Elbow Room: The Varieties of Free Will Worth Wanting

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MIT Press, 1984 - Psychology - 200 pages

Anyone who has wondered if free will is just an illusion or has asked 'could I havechosen otherwise?' after performing some rash deed will find this book an absorbing discussion of anendlessly fascinating subject. Daniel Dennett, whose previous books include Brainstorms and (withDouglas Hofstadter) The Mind's I, tackles the free will problem in a highly original and wittymanner, drawing on the theories and concepts of several fields usually ignored by philosophers; notjust physics and evolutionary biology, but engineering, automata theory, and artificialintelligence.In Elbow Room, Dennett shows how the classical formulations of the problem inphilosophy depend on misuses of imagination, and he disentangles the philosophical problems of realinterest from the "family of anxieties' they get enmeshed in - imaginary agents, bogeymen, and direprospects that seem to threaten our freedom. Putting sociobiology in its rightful place, heconcludes that we can have free will and science too.Elbow Room begins by showing how we can be"moved by reasons" without being exempt from physical causation. It goes on to analyze concepts ofcontrol and self-control-concepts often skimped by philosophers but which are central to thequestions of free will and determinism. A chapter on "self-made selves" discusses the idea of selfor agent to see how it can be kept from disappearing under the onslaught of science. Dennett thensees what can be made of the notion of acting under the idea of freedomdoes the elbow room we thinkwe have really exist? What is an opportunity, and how can anything in our futures be "up to us"? Heinvestigates the meaning of "can" and "could have done otherwise," and asks why we want free will inthe first place.We are wise, Dennett notes, to want free will, but that in itself raises a host ofquestions about responsibility. In a final chapter, he takes up the problem of how anyone can everbe guilty, and what the rationale is for holding people responsible and even, on occasion, punishingthem.Daniel C. Dennett is Professor of Philosophy at Tufts University. Elbow Room is an expandedversion of the John Locke Lectures which he gave at Oxford University in 1983.A BradfordBook.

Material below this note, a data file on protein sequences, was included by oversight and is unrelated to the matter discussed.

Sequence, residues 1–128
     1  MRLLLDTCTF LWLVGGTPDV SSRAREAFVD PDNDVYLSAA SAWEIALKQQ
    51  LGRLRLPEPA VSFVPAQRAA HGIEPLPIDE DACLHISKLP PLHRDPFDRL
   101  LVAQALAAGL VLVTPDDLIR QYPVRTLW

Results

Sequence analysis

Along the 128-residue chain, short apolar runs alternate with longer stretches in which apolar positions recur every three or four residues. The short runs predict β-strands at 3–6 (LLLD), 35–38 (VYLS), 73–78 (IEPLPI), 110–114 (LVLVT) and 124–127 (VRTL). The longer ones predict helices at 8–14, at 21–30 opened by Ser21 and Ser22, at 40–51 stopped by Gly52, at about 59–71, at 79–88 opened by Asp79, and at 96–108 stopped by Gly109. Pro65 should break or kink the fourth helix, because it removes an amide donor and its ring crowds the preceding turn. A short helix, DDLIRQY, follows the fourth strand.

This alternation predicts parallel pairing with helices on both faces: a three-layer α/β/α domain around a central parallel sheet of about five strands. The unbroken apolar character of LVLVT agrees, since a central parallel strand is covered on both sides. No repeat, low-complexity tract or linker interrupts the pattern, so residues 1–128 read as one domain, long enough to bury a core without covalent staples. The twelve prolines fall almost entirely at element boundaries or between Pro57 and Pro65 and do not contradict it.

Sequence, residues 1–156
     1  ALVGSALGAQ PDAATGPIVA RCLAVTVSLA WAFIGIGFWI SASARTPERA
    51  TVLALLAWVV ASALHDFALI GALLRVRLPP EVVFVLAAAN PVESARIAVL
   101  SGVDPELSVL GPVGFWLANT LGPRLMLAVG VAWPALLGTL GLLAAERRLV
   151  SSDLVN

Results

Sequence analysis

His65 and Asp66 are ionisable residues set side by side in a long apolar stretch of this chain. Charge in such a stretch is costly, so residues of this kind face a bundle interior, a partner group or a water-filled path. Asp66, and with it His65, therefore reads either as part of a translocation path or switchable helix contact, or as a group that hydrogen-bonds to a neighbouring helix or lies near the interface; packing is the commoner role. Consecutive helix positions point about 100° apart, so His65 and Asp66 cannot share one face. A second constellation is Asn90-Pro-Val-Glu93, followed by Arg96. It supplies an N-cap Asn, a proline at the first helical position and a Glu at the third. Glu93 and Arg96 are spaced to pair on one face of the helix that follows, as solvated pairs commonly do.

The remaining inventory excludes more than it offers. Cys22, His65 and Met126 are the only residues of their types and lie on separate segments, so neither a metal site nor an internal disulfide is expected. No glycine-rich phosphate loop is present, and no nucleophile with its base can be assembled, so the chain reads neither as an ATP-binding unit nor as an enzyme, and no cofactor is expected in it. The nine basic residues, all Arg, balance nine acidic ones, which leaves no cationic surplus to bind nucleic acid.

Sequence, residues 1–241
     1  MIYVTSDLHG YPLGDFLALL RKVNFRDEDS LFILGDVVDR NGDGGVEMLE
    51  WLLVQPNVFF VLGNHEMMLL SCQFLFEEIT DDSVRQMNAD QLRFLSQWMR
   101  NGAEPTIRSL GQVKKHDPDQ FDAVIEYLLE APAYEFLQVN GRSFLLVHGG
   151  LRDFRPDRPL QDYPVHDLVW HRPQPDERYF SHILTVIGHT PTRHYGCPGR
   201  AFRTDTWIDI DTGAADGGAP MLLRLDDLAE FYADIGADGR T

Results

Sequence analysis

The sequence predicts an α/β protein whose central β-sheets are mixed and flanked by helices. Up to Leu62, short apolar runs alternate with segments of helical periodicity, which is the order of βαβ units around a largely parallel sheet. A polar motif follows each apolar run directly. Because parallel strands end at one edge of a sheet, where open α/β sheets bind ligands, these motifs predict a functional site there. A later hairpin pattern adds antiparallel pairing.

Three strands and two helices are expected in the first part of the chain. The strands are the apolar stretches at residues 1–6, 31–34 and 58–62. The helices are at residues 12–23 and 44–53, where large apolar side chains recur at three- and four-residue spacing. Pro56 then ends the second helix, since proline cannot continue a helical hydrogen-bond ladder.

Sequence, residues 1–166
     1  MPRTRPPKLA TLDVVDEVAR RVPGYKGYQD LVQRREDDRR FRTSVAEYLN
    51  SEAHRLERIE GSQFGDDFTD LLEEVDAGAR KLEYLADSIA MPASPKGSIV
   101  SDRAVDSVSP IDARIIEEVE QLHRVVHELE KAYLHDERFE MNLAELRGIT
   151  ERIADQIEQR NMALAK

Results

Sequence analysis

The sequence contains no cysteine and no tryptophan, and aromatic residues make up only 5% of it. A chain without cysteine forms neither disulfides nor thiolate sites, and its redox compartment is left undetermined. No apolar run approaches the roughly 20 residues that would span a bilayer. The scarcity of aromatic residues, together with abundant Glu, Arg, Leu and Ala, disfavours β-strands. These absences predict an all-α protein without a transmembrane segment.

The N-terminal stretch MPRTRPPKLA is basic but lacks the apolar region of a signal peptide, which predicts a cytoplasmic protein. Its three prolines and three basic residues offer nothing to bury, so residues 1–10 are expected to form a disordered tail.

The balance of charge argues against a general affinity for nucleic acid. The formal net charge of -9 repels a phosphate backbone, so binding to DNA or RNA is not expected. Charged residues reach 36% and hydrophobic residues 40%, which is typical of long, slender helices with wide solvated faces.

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User Review  - ehabkost - LibraryThing

I really enjoy the subjects Dennett discusses on his books. However, after reading Consciousness Explained, I think Elbow Room didn't match my expectations in some way, despite being an interesting ... Read full review

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User Review  - _Greg - LibraryThing

The first decent moderrn philosophical support for free will. This is shorter and easier reading than his later book "Freedom Evolves". Read full review


The Bogeymen
Semantic Engines Perpetual Motion Machines and a Defective
Reflection Language and Consciousness
Community Communication and Transcendence
Control and SelfControl
Agentless Control and Our Concept of Causation
The Uses of Disorder
Designing the Perfect Deliberator
Real Opportunities
Avoid Avoidable Inevitable
Could Have Done Otherwise
What We Care About
Why Do We Want Free Will?
The Dread Secret Denied

SelfMade Selves
The Art of SelfDefinition
Trying Our Luck

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About the author (1984)

Born in Boston in 1942, Daniel Clement Dennett explores the philosophical links between mind and brain. His first book, Content and Consciousness (1969) was one of the earliest to examine this issue. It is one that he expands on in his other books, including Consciousness Explained (1991), where he uses philosophical "materialism" to examine the link between mind and body. Dennett is a Distinguished Arts and Sciences Professor, a Professor of Philosophy and director of the Center for Cognitive Studies at Tufts University in Medford Mass. He is interested in the development of artificial intelligence, was the co-founder of the Curricular Software Studio at Tufts, and has aided in the design of computer exhibits at the Smithsonian Institution, the Museum of Science in Boston and the Computer Museum in Boston.

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